Via The Chronicle of Higher Education: “After Opposition, U. of Tennessee Campuses Opt Not to Privatize Facilities Services.”
Via the South Bend Tribune: “Notre Dame to end no-cost contraceptive coverage for employees.”
Via Education Week: “Schools Take a Page From Silicon Valley.” That is, some schools are having “scrum meetings,” or something.
Via WKBN: “Youngstown charter school shuts down after running out of funds.” That’s the Mahoning Valley Opportunity Center.
Details about the closure of AltSchool campuses in the “upgrades and downgrades” section below.
Accreditations, Certifications, and Competencies
“In the Era of Microcredentials, Institutions Look to Blockchain to Verify Learning,” says Edsurge. But let’s note this via Vice please, before we get too excited about moving education certification to the blockchain: “One Bitcoin Transaction Now Uses as Much Energy as Your House in a Week.” And elsewhere in blockchain land, “Alex Tapscott’s Crypto VC Firm Going Public With $100M CAD Falsely Touted 4 Blockchain Stars As Advisors,” says Forbes. (Perhaps you’ve heard of his father, Don?) But oh yes. Tell me more about how the blockchain is going to “verify learning.” LOL.
Via Getting Smart: “Digital Promise and Facebook Developing New Micro-Credentials Program.” Because the way to teach people about Facebook according to Facebook is always more Facebook.
Via Inside Higher Ed: “Green Light for Competency-Based Teacher Ed.”
Via Edsurge: “How to Overcome Apathy and Disillusionment When Standardized Tests Fail Kids.” Spoiler alert: find new things to measure.
A testing story uses a question in the headline, so you know where the link to that one is. (Below, in the Betteridge’s Law of Headlines section.)
Go, School Sports Team!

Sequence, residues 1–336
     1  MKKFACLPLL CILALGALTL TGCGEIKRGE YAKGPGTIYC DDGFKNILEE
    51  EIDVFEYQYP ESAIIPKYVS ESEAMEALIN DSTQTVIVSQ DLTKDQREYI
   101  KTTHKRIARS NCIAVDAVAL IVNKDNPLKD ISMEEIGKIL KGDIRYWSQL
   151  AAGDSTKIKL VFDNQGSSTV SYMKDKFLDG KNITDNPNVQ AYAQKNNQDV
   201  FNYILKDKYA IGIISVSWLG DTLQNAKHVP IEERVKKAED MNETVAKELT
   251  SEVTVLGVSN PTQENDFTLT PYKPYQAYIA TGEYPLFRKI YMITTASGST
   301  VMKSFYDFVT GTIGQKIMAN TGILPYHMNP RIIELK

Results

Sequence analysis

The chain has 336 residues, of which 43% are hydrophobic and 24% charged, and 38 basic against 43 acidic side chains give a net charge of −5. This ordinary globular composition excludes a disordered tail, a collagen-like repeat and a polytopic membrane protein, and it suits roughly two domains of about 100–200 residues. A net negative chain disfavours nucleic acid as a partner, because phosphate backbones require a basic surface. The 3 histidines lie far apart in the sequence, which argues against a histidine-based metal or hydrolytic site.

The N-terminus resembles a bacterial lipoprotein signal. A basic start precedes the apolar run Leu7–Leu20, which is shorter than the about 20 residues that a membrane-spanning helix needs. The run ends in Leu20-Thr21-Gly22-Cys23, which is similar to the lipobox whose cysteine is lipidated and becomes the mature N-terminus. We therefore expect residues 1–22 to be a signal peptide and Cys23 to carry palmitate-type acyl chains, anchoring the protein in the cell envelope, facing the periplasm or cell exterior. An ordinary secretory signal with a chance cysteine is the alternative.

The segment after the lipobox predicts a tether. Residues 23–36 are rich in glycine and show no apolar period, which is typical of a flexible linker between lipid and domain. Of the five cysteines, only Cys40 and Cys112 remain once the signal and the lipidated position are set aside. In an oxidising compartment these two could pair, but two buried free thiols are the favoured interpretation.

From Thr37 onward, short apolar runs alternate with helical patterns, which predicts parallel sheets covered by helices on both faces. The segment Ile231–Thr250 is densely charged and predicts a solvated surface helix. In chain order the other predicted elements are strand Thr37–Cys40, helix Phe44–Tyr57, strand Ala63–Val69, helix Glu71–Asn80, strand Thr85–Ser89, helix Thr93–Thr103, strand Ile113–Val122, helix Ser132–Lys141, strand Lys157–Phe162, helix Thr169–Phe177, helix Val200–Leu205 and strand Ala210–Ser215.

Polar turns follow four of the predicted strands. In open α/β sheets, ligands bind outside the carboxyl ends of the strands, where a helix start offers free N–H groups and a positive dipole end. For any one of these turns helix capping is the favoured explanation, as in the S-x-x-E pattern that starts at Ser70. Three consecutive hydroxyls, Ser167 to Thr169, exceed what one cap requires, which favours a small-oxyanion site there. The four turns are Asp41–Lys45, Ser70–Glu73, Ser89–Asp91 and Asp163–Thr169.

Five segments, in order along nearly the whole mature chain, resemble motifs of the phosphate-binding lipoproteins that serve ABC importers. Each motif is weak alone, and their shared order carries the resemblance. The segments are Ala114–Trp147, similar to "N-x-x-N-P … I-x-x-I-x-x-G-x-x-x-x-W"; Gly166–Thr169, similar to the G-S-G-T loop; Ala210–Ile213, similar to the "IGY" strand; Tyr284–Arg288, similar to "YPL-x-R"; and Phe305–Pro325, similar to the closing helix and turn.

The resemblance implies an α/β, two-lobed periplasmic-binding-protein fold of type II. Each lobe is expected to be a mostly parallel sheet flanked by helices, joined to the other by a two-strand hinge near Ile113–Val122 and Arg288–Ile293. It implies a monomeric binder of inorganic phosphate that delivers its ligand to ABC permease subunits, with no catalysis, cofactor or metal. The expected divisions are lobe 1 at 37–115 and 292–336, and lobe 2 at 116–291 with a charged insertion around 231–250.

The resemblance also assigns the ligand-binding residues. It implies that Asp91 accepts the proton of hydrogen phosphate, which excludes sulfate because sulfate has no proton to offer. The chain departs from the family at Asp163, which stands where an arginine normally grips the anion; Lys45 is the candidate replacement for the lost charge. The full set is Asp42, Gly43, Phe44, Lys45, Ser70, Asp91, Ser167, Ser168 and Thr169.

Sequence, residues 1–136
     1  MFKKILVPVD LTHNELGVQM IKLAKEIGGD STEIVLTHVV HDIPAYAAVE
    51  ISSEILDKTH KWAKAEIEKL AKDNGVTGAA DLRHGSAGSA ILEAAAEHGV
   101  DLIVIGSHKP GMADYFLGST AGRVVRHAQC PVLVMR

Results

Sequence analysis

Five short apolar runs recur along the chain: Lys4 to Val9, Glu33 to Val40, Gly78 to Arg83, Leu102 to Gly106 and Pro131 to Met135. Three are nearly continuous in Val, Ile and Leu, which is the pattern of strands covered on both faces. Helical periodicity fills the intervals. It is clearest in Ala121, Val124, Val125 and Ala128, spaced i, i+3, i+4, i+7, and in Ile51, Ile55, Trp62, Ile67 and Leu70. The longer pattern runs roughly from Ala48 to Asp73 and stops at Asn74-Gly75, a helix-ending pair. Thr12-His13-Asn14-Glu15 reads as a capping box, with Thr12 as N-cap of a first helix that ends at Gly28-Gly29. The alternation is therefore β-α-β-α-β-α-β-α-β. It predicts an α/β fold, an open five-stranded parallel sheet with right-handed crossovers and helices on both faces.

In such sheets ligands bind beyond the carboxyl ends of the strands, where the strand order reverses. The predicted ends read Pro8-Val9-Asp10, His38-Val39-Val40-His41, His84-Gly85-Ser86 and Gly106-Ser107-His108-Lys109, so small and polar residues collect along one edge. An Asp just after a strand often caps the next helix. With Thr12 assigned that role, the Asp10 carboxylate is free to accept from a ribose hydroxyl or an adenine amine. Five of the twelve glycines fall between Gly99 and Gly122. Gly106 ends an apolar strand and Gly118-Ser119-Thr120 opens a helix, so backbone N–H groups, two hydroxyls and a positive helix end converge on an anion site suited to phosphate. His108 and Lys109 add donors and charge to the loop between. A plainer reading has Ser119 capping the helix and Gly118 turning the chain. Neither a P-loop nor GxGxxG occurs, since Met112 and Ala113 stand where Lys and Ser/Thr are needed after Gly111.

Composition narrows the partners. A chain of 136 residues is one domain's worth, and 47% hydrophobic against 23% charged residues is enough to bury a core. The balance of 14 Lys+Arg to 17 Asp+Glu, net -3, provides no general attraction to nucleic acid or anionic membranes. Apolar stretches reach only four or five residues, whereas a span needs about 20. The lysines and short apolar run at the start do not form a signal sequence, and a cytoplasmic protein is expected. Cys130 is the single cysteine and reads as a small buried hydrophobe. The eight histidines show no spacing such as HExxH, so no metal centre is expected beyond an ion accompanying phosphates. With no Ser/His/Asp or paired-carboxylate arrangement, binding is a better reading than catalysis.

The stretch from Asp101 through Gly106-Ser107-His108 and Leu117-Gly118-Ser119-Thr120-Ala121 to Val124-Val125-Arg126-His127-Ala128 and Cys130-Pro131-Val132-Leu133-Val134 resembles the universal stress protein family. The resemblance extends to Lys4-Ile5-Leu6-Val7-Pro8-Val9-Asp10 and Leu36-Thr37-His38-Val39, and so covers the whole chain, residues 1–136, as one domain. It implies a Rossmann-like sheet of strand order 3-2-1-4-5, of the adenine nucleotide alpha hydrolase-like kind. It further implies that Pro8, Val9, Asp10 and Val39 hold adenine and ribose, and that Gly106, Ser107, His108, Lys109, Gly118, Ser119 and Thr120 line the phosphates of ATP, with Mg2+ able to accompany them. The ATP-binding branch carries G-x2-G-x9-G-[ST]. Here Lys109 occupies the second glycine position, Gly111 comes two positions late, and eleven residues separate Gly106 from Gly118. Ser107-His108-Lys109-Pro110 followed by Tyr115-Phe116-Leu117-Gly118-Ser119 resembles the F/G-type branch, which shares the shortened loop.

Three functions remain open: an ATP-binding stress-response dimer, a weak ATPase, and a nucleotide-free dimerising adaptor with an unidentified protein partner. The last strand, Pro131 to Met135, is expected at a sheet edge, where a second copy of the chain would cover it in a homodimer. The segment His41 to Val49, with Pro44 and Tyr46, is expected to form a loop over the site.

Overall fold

“When School Spirit Is a Slur” – photographs on Native American mascots by Daniella Zalcman.
Via Deadspin: “High School Ref Who Walked Out Over Anthem Protests Worries About Babies Disrespecting Flag, Had Racist Facebook Posts.” Of course he did.
Via Inside Higher Ed: “NCAA president says after two recent scandals in college athletics, the public is losing faith and major reforms are needed.”
From the HR Department
Via Recode: “Coursera has ousted several senior executives along with many rank-and-file staffers.” (See also: Altschool, and just remember: venture capital and education do not mix.)
The Digital Public Library of America has a new head: John S. Bracken.
The Business of Job Training
Via Reuters: “Awaiting Trump’s coal comeback, miners reject retraining.”
The tech industry is still bullish on the business of tech training nonetheless. This, via Techcrunch: “Kenzie Academy is an ambitious project to bring tech jobs to Middle America.”
Via The New York Times: “Where the STEM Jobs Are (and Where They Aren’t).” My favorite part of the graph is how it excludes health care from life sciences jobs, making it appear as though the latter is grossly overproducing graduates when, in fact, that’s where most of the jobs of the future may well be – in health services.
Via The Chronicle of Higher Education: “Demand for Pilots Sparks Instructor Shortage at Colleges’ Flight Programs.”
“Education is not where it’s all at in the learning market. We spend only a fraction of our lives in school, less in college and most of it in work. The corporate training and apprenticeship markets have more headroom, offer more room for innovation and have sustainable budgets and revenues,” says Donald Clark.
“Filling the Other Skills Gap” by Trace Urdan writing in Edsurge.
Via The Hechinger Report: “Without changes in education, the future of work will leave more people behind.”
Educause is holding its annual conference this week. Reports from the field from The Chronicle of Higher Education: “Ed-Tech Professionals Share What Keeps Them Up at Night.” Also via The Chronicle: “At Educause Meeting, IT Professionals Discuss Misconceptions on Campuses.” From Edsurge: “Invasive or Informative? Educators Discuss Pros and Cons of Learning Analytics.” Inside Higher Ed also looks at how data is being talked about at the higher ed ed-tech event.
Edsurge is also holding an event this week. Reports from Edsurge Fusion: “The Future Is Always Uncertain. So How Should Educators Prepare Today’s Learners?”